Nuclear Power and the Rise of Patterson Lake - dummies

Nuclear Power and the Rise of Patterson Lake

By Nick Hodge, Jeff Siegel, Christian DeHaemer, Keith Kohl

A new discovery in northern Saskatchewan, Canada could quickly become one of the top ten uranium deposits in the world. MacArthur River, also located in Saskatchewan, is widely agreed to be the largest deposit, containing high grades of uranium totaling about 324 million pounds.

This new discovery, called Patterson Lake South, has only had a few holes drilled and is already shown to contain around 50 million pounds of uranium at high grade. Given that high grade, and the fact that uranium mineralization was found in each of the first four zones, analysts are already expecting there to be 100 million pounds of uranium, or more.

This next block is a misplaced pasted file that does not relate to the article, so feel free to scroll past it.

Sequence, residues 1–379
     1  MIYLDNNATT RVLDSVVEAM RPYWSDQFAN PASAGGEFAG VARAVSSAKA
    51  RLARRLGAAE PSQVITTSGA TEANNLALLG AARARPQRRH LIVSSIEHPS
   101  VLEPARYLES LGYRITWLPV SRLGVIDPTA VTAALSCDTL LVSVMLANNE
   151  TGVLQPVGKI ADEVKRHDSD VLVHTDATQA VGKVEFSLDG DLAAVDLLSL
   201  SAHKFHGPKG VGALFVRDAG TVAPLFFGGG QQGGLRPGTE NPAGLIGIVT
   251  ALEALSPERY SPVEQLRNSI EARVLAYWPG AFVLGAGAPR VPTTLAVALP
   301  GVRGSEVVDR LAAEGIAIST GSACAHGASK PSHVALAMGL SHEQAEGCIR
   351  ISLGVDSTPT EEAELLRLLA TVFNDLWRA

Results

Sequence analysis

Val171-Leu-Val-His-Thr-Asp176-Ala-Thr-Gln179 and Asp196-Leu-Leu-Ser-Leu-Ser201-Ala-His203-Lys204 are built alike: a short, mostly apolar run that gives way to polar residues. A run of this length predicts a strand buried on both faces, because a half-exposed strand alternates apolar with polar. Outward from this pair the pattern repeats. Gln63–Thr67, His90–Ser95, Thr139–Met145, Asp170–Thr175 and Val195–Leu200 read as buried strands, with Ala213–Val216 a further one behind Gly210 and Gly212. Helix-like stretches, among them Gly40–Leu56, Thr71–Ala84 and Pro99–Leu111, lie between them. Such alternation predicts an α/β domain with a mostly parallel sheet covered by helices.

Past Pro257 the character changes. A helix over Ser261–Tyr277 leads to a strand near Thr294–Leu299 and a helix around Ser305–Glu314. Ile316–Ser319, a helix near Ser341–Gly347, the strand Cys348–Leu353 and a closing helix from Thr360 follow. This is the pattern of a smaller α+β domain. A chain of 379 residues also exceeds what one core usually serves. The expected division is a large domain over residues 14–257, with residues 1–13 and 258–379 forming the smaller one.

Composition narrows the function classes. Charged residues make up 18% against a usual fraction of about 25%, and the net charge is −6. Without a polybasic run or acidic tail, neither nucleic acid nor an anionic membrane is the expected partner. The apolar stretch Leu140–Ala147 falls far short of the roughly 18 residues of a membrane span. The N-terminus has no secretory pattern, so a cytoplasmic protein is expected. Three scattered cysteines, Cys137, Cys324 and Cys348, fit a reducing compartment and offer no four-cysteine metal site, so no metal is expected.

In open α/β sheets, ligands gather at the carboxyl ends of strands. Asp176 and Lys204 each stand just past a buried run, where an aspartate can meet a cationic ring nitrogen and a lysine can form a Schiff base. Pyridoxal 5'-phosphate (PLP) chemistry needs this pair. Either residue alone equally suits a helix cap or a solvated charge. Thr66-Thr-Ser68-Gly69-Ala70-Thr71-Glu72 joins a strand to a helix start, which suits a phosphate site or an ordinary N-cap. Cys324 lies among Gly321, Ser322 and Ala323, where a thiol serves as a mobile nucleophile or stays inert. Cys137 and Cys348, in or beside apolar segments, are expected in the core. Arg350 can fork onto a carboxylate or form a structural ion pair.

The discovery was made via a joint venture between the companies Alpha Minerals (TSX-V: AMW) and Fission Uranium (TSX-V: FCU). It contains the largest uranium boulder field in the Athabascan Basin, and radioactivity readings for samples from the first four zones were reported as “off the chart.”

Once a potential deposit reaches reserve estimates totaling 50 million pounds or more, the major drilling companies, like Cameco, Denison, Areva, and others, start to get interested in acquiring it. These uranium majors will soon start sniffing around the Patterson Lake project, if they haven’t already.

Current valuation estimates show the Patterson Lake deposit, even at only 50 million pounds of uranium, could fetch a buyout price between $500 million and $750 million. Since it’s a 50-50 joint venture, that equates to between $250 million and $375 million for both Alpha Minerals and Fission Uranium.

As an investor, you should keep your eye on the Patterson Lake deposit and those two companies. Each have market capitalizations well below $200 million, meaning impressive upside for each if a buyout offer ever happens.